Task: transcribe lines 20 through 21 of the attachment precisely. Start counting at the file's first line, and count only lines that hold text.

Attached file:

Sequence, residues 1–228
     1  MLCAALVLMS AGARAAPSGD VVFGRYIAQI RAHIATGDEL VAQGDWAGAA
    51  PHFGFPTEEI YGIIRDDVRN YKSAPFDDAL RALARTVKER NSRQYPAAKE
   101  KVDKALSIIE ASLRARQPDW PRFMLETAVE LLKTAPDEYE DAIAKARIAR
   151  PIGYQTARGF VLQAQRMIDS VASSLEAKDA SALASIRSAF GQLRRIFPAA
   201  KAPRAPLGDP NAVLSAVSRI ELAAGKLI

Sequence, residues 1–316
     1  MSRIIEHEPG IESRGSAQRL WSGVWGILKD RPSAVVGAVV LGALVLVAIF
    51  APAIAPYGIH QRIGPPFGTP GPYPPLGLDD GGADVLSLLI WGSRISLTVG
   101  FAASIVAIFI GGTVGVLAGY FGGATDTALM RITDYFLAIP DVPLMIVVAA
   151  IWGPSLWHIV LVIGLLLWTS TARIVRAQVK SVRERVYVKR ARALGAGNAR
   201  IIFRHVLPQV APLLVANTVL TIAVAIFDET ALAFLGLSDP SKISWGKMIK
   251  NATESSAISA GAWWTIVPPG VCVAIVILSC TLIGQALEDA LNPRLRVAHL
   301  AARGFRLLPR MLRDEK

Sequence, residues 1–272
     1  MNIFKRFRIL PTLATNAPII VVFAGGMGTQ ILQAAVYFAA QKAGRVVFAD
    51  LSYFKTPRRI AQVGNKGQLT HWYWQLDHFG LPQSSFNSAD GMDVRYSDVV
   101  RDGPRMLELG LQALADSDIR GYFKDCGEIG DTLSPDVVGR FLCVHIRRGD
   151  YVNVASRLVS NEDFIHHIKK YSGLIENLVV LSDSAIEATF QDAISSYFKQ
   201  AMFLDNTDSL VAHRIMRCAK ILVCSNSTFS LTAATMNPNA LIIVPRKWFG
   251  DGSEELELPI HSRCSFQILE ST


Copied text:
   201  AMFLDNTDSL VAHRIMRCAK ILVCSNSTFS LTAATMNPNA LIIVPRKWFG
   251  DGSEELELPI HSRCSFQILE ST